GENEVA - Last Friday, in the first of a two-part in-depth interview, FIBA President Yvan Mainini outlined the International Basketball Federation’s main projects for the foreseeable future: 3x3, the construction of new headquarters on the outskirts of Geneva and improving the system of competition for the period 2017-2030.
In the second part of the interview, Mr Mainini now goes deeper into the subject of the system of competition.
FIBA: Why wait until 2017 to implement this new qualification system?
Mainini: The reason is simple - today we are working toward the 2014 FIBA Basketball World Cup in Spain, we also have engagements on continental championships for 2015 as well as for the qualification to the Olympics in Rio in 2016. Also, we’re not yet finished in our conversations with our stakeholders, with the FIBA Family as well as national and international leagues and all need time to adjust.
FIBA: Domestic and international leagues are an important piece of the puzzle as playing regular national team games throughout the year would mean breaks in their seasons…
Mainini: Yes they are (important) but beyond the leagues it’s really about the clubs and we need to have the utmost respect for them. Regardless of what is happening on a larger scale, the clubs are the ones that spot the players, prepare them and make it so that they are ready for the national teams.
You have to look at basketball in the context of its history. Since World War II, it has been a sport that leans heavily on club competitions, which occupy the majority of the calendar. The current system of blocks in the calendar leaves a good chunk of the year to clubs. But the national team programme is clearly complementary to the club system and a successful national team underlines the good work done by a domestic league and its clubs, but is also an accelerator for growth as well as for commercial and media interest, which benefits clubs and players alike.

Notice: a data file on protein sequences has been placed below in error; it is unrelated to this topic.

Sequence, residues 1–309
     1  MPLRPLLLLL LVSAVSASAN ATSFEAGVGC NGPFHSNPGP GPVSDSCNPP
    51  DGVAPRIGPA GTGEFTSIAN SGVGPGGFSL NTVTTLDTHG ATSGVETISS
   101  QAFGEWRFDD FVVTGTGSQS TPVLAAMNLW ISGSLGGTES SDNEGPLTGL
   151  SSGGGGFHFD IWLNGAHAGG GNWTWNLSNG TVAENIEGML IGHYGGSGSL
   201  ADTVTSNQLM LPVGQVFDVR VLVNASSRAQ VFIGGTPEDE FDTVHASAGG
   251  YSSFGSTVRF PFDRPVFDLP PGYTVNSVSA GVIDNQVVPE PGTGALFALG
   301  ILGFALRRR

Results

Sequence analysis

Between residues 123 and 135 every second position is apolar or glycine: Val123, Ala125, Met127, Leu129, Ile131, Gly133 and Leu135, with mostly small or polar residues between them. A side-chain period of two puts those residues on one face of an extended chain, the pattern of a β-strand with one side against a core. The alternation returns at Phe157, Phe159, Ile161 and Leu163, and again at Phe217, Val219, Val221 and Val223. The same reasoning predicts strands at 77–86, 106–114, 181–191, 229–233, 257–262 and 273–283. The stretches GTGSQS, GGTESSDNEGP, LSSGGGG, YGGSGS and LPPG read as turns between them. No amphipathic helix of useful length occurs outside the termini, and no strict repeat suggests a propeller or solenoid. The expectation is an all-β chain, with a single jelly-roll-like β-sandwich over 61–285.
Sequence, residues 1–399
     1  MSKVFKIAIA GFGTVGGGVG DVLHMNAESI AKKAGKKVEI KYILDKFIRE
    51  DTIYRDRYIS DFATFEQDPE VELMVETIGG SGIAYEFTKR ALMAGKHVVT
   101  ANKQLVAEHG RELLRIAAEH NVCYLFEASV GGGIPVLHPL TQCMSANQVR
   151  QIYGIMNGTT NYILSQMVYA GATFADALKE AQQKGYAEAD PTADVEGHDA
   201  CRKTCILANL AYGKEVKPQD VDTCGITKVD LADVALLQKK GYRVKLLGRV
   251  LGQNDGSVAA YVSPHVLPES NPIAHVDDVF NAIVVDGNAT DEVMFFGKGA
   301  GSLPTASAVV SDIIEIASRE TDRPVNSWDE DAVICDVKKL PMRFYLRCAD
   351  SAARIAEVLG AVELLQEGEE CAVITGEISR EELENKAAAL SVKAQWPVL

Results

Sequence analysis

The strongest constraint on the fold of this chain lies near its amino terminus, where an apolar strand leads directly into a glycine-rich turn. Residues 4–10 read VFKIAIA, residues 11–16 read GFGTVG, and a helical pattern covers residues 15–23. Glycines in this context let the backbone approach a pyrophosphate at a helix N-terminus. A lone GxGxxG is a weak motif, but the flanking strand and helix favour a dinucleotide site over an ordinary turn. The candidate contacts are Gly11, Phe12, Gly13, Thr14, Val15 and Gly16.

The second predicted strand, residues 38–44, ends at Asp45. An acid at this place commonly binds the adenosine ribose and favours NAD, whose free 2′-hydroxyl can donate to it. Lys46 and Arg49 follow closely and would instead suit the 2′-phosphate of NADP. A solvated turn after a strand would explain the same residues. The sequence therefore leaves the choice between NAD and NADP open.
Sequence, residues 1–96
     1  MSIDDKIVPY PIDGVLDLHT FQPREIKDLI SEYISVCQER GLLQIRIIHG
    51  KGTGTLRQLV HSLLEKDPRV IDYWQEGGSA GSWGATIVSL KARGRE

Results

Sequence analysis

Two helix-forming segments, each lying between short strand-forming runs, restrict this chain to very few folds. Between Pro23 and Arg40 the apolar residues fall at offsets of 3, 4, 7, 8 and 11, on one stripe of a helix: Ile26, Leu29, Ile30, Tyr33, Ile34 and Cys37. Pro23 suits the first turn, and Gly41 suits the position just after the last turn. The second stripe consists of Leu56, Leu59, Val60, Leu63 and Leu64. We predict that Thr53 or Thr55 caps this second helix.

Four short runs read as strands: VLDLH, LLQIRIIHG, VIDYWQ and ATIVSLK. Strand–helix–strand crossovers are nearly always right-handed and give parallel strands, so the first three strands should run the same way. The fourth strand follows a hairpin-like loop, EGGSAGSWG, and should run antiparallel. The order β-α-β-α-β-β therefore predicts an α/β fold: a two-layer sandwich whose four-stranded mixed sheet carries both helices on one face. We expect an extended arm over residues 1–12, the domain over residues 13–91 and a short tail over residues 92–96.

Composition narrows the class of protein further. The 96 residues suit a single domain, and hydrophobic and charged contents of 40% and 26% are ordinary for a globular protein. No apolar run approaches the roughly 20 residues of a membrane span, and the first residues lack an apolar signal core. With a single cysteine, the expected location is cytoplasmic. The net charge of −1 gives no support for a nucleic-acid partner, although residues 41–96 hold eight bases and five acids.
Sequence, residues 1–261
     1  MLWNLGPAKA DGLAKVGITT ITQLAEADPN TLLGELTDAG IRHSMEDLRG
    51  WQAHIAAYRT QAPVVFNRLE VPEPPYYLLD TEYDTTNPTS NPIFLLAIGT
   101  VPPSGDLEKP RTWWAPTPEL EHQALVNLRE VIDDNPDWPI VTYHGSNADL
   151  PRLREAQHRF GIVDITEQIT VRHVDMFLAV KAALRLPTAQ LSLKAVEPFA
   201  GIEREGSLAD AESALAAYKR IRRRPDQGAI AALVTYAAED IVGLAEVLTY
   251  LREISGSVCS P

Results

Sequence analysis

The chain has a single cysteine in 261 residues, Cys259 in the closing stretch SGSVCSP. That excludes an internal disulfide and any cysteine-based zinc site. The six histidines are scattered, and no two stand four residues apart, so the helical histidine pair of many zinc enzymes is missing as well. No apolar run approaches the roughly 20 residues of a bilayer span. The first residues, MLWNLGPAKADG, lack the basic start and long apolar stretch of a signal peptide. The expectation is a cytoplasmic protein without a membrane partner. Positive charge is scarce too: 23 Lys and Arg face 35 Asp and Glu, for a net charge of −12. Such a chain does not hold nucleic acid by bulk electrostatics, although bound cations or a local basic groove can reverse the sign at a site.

I think it’s now time for us all to come together, join forces between clubs, national federations and FIBA, to reinstate the appropriate balance between club and national team competitions. We believe our proposal is one that works for all stakeholders of the game.
FIBA: This new system of competition reduces the number of continental championships. FIBA Europe has issued concerns with having a EuroBasket every four years rather than every two years.
Mainini: FIBA Europe have said they would like to maintain two continental championships (in a four-year cycle). I am a European myself. I know they have a good system and the latest EuroBasket in Lithuania with 24 teams was a resounding success. So I can feel and understand their reaction. But we can’t stop there.
Firstly, we need to understand what are the growth rates of the current system and we have seen some alarming signs in the recent past, and that is without mentioning the current economic crisis which we all face and will last for quite some time. Secondly we can’t consider global basketball by looking at just one continent. I believe people will see the global and overall interest to be had with this new competition system. Everyone has something to gain in this situation. This new system is about diversifying our growth opportunities, strengthening our national federations, not about FIBA and its zones.
There are options to keep two continental championships, but they will face other challenges with the rhythm. At the same time, in the year that would see the summer dedicated to Women, FIBA’s Zones and National Federations are free to hold continental tournaments for the men as they see fit. We have no objections to them doing so. But eventually, as is the case in football, it is the FIBA Central Board that needs to decide on the World Calendar. From there all options are open for all stakeholders to fill the open spots, including for Europe.